top of page
  • Dr. Mila Burcikova

This Black Friday, make the most of what you have

woman sat in a dress on the streets of Desulo
Image by Andrea Pecora

Andrea Pecora’s 2016 short film Desula pays an hommage to an almost extinct Sardinian dress tradition. When the women in the village of Desulo reached their teenage years, they would make one dress that they would then wear all their life.

Pecora’s poetic narrative captures the story of roughly ten women who keep the tradition up to this day. As he explains [1], although richer women may have had two dresses, one for everyday life and another for special occasions, poorer women would use simply one double-faced dress that was plainer on one side and more decorated on the other. To reflect their life events, such as marriage or a birth of a child, the dresses were dyed and re-dyed. Some colours could be reversed from darker to lighter tones by natural dyeing processes, but the black dye that marked the death of a husband remained the final colour. “In every dress I see a life, in every life a story”, Pecora’s narrator says.

The dresses of Desulo women were mirrors of their lives. The mundane and the extraordinary, the happy and the sad, and everything in between, all unfolded through repeated cycles of making, tending, repairs, additions, and natural dyeing processes. Contrary to the current imperative of newness and constant replacement, these dresses acquired value and meaning through the intimacy of iterative appropriation. Skill, care, and resourcefulness enabled their continuity throughout women’s lives.

This Black Friday, let’s take an inspiration from the women of Desulo. Forget all about shopping. And before buying anything new in the future, let’s first think how we can make the most of what we already have.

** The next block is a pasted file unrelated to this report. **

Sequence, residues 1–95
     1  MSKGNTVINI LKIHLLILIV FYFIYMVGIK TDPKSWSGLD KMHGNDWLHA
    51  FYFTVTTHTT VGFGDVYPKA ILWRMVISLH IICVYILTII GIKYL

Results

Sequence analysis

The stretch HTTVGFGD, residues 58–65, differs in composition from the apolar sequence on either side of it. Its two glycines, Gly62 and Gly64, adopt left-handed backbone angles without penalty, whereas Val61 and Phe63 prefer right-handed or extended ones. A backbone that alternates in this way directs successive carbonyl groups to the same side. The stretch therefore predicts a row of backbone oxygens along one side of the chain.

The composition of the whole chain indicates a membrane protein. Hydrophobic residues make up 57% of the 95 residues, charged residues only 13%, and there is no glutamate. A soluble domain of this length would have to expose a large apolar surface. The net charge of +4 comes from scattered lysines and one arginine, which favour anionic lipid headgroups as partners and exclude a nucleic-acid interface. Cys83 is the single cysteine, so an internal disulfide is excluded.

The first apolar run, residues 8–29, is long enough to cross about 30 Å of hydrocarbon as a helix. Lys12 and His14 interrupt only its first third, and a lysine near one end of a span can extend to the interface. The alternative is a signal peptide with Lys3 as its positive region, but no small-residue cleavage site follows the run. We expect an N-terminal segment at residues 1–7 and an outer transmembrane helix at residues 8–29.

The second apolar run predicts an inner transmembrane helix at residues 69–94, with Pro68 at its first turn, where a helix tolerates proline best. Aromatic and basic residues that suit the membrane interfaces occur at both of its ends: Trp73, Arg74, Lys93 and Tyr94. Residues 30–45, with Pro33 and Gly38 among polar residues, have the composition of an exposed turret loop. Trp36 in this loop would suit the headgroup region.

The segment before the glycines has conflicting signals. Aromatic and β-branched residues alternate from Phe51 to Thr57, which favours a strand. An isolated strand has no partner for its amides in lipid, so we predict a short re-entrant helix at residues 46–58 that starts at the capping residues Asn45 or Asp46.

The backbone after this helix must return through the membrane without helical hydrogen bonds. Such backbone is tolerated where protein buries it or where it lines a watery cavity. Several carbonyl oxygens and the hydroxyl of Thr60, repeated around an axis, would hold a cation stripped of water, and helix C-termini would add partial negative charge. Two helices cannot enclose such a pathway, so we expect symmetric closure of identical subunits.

Last week, my colleague Professor Kate Fletcher invited us all to mark this Black Friday by the beginning of a new obsession – an obsession with care for Earth. Read Kate's blog Earth Logic: New Hope for Black Friday. Pecora’s Desula captures the sensibilities that can help us translate this new obsession into our wardrobes. In our homes, and in our wardrobes, the care for Earth can start by abandoning the obsession with newness, learning instead to draw satisfaction and pleasure from what we already have.

This Black Friday, and in the weeks, months, and years to come, let’s give our clothes the chance to mirror our lives, allow them the time to tell our life stories.

Images by Andrea Pecora.

I would like to thank Andrea Pecora for his generous permission to use his short film and images from the Desula project in this blog.


This blog draws on Mila’s paper ‘One Dress: Shaping fashion futures through utopian thinking.’ Fashion Practice: The Journal of Design, Creative Process & the fashion industry, 11 (3), pp. 328-345. Doi: 10.1080/17569370.2019.1662593.


bottom of page